– By J.W. Fox –
Trekkies will have to wait a little longer for their beloved Star Trek to return to television. This week, CBS announced the series premiere of Star Trek Discovery will be pushed back six months to mid-2017. Yet, most bloggers and fans seem to be breathing a sigh of relief rather than expressing frustration. I am one of them.
From the start, something was a bit off about Discovery. The show was to premiere on CBS All Access, a new streaming service rather than the national channel itself. Why would CBS take a valuable TV property, on the heels of three reboot movies, and relegate it to its streaming service? Second, why haven’t we seen a single trailer or preview? Sure, we got a 1-minute animation of the ship coming out of dock, but that isn’t much. It had strange theme music that more resembled war drums than the inspirational “Where No Man Has Gone Before” theme. The whole feel of the 1-minute teaser was that of power, not wonder. With no other information, it seemed the show was going to follow in the style of the reboots: no more heady themes exploration and scientific discovery (the name of the ship aside).
The U.S.S. Discovery isn’t exactly beautiful either. It looks old fashioned, clashing a simple triangle engineering section with the saucer. In contrast, the U.S.S. Voyager had a unique design with a flat engineering/nacelle layout and an arrow-head upper section instead of a saucer. Perhaps not awe-inspiring, but the ship was eloquent in its own way. The U.S.S. Defiant was another late design and a straight-up ship of war. It looked like one, robust, like a stocky scrapper that can take a punch. The Discovery design is a step backward and almost looks like it comes from an old Star Trek video game.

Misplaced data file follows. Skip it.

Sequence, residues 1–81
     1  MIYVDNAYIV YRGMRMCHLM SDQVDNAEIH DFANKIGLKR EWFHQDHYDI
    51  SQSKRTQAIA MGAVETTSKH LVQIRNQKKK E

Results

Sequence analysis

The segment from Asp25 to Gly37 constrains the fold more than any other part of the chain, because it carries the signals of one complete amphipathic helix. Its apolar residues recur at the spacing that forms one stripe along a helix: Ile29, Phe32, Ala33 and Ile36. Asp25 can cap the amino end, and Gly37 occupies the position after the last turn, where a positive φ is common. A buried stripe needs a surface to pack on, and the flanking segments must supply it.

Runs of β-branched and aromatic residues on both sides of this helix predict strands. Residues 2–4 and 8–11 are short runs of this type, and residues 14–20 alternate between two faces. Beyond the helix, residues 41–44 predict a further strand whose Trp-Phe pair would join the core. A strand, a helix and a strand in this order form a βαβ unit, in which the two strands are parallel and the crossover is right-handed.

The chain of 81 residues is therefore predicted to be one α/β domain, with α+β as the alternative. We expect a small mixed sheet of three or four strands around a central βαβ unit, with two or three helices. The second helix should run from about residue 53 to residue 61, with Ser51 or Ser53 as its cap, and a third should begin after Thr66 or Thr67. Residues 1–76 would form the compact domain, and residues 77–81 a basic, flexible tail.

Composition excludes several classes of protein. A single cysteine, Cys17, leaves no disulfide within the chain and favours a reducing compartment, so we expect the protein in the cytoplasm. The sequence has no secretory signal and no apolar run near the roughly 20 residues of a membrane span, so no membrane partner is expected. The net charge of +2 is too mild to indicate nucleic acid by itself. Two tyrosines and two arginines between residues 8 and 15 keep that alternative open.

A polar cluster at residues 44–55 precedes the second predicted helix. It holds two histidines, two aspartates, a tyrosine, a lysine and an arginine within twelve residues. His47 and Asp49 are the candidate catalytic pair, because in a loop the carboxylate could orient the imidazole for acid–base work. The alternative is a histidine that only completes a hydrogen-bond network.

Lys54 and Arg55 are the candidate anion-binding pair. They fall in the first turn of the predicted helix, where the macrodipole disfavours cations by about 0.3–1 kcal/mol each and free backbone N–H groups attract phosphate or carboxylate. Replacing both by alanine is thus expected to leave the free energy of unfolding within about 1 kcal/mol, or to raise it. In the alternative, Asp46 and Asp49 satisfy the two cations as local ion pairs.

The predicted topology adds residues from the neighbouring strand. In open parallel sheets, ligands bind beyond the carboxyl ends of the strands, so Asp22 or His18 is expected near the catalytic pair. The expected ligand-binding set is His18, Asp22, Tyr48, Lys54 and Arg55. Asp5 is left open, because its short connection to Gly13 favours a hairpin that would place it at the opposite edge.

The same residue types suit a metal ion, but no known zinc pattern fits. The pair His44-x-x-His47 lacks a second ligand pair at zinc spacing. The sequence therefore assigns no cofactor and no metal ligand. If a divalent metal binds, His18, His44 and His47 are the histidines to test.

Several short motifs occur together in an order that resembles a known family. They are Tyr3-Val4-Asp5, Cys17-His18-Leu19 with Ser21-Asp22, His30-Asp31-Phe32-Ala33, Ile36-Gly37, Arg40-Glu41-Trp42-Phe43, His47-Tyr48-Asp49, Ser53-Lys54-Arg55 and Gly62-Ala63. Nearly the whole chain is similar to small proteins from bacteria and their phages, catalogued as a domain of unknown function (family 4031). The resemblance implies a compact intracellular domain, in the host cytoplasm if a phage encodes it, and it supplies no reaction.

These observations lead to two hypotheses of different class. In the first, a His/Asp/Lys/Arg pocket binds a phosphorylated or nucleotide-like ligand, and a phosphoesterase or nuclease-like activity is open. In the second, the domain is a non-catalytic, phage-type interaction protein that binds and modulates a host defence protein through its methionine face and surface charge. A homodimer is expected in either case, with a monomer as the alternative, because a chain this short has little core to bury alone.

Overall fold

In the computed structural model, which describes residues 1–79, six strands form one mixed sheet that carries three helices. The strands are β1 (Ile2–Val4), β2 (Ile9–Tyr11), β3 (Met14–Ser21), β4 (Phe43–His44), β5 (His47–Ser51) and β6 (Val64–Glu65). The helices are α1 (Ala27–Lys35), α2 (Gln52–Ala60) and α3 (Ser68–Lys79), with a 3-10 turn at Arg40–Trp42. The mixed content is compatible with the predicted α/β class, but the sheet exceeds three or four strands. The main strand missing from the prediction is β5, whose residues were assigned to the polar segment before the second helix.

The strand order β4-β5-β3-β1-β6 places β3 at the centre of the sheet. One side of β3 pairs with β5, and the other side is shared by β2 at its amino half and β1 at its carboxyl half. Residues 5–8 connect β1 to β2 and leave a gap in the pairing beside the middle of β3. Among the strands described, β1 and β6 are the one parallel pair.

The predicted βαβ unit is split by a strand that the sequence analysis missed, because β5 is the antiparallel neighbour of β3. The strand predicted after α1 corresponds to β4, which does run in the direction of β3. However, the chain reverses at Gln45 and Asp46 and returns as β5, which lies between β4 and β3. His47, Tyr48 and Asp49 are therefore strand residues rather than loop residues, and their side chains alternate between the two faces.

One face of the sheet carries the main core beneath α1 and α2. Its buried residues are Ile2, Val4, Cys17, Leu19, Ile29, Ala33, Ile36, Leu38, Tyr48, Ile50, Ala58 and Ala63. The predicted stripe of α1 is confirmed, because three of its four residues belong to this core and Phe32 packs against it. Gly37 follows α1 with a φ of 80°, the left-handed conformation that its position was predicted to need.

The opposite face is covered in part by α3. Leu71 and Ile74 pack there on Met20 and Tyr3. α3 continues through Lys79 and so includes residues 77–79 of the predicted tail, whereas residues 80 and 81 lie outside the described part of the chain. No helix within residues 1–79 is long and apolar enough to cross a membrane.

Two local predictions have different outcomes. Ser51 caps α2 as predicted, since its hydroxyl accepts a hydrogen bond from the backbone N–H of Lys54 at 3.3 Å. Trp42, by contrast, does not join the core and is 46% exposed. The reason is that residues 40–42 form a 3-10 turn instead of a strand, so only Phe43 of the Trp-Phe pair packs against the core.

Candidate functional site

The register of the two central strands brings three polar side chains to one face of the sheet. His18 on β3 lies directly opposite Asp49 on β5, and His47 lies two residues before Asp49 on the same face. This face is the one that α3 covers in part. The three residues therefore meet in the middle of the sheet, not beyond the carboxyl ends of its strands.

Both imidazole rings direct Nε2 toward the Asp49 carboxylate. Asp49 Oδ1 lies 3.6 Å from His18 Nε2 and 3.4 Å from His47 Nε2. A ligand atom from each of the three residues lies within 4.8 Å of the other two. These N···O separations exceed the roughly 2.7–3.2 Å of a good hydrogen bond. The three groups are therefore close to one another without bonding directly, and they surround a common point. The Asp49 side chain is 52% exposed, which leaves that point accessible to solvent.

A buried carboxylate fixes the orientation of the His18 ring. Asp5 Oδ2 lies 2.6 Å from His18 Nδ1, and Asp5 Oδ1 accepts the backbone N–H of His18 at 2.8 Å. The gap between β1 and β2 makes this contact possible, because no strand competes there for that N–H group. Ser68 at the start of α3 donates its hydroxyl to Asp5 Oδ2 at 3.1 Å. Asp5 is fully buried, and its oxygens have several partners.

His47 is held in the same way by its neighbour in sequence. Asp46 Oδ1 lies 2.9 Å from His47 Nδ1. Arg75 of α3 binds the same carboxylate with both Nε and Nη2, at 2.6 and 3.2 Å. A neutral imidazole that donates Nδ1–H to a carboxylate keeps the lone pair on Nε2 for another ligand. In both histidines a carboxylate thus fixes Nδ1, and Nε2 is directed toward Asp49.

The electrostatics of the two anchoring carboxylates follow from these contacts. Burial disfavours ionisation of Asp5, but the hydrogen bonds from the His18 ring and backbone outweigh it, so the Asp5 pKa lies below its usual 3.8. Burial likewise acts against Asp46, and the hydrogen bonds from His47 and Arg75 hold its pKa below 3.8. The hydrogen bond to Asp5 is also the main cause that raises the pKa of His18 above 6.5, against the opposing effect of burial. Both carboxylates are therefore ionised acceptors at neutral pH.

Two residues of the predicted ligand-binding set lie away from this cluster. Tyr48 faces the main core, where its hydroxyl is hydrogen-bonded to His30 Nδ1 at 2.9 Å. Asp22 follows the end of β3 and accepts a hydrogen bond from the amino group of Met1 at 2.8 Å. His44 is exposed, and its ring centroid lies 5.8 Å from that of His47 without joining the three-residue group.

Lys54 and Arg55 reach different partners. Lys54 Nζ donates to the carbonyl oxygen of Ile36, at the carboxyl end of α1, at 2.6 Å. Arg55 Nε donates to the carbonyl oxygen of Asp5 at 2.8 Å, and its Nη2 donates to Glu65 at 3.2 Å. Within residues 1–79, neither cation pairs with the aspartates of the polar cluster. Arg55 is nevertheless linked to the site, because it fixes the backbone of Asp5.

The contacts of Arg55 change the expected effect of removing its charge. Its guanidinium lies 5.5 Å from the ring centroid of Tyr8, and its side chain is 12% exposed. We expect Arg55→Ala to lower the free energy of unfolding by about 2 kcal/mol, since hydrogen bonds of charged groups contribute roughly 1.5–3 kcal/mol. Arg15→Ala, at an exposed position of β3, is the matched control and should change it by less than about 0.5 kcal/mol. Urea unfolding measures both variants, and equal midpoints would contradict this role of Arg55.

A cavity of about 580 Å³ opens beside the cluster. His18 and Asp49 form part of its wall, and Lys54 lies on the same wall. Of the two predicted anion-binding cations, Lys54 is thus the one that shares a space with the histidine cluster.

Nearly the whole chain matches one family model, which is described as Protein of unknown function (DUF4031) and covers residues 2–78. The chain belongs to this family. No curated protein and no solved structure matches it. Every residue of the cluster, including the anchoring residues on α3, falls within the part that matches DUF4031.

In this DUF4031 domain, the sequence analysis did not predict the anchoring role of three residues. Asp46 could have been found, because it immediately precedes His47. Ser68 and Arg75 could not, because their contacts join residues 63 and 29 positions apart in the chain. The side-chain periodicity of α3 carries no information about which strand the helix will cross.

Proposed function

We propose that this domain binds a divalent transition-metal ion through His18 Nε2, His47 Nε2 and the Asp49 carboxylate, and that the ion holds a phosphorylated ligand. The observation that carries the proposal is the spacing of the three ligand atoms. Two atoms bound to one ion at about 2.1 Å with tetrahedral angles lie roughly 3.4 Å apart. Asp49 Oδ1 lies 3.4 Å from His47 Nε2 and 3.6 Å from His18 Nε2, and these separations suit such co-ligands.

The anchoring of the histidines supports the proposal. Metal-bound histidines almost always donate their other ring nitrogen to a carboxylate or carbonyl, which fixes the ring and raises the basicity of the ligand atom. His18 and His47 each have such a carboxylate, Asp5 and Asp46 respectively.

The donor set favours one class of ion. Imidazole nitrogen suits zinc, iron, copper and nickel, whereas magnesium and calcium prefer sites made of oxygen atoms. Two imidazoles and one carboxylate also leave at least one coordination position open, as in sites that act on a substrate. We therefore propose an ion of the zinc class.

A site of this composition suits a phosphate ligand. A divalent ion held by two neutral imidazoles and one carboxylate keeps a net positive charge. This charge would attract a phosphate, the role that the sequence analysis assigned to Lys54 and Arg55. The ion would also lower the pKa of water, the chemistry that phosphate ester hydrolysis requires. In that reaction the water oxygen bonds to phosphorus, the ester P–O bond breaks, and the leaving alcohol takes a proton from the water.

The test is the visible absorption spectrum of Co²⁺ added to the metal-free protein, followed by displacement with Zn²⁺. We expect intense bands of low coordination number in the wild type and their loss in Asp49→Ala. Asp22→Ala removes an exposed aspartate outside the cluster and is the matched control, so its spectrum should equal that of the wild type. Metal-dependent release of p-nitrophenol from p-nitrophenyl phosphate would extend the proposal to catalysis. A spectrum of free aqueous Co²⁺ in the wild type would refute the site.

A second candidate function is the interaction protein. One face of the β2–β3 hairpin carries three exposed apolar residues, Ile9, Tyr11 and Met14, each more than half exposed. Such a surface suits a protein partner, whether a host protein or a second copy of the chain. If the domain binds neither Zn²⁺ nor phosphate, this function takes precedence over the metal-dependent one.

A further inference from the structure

We know absolutely nothing about the cast, the characters, or a synopsis of the show other than it takes place a few years before the original Star Trek series and the reboots. The creators decided to avoid the alternative timeline altogether and set the show before the destruction of the U.S.S. Kelvin. It was a little disappointing that we are not seeing a “next next generation.” For a franchise that is entirely about the future, one has to wonder why it is recently so fixated on reliving or retelling the stories of the past.
There is a bright side. Creators Bryan Fuller and Alex Kurtzman were excellent choices to build the newest addition to the franchise. Both have solid sci-fi credentials. Gene Roddenberry’s son Rod, is credited as a producer as well, providing some pure blood from the Creator. If they think the show needs six more months of development, then we should definitely give them that time. I believe they can create a worthy addition to the franchise.
The delay may also be an acknowledgement that the concept started on the wrong foot. Maybe (I am totally speculating here), they realized they should go back to the drawing board. Game of Thrones went through a similar experience after the first version of the pilot episode ended up being a total disaster.
The show will likely remain a prequel, which is disappointing. If I ruled the world, we would see a sequel series not a prequel. The original timeline ended with DS9 and Voyager. Last we saw, the Alpha Quadrant facing a myriad of new threats and challenges. It would be great to see a show that takes place after the Dominion War with perhaps a narrative connection to the Enterprise-E, similar to the DS9 pilot starring Captain Picard. Nothing more than perhaps a changing of the guard scene in the first episode would be needed to satisfy me.
A connection would also add some badly needed continuity with the strongest pillars of the franchise, namely The Next Generation and DS9. Most trekkies agree Enterprise was forgettable, and Nemesis was a bomb. Some would like to discard all the TNG movies. Plus, the reboot movies are basically a retelling of stories we already know, with a fast and furious style to it.
Will Star Trek look to the future, as it has for so many decades? Or, will it simply bask in nostalgia? Are we really so pessimistic about the future that we feel the need to relive the good old days over and over again through alternative timelines? I do not think Gene Roddenberry would be pleased.
He would challenge us to boldly go where we have not gone before.
Jacob Foxx is the Editor of Prescientscifi.com and author of two novels: The Fifth World and the sequel The Fifth World: The Times That Try Men’s Souls. When he is not reading or writing science fiction, he works as a regulatory affairs consultant for small biotech companies in Raleigh, North Carolina.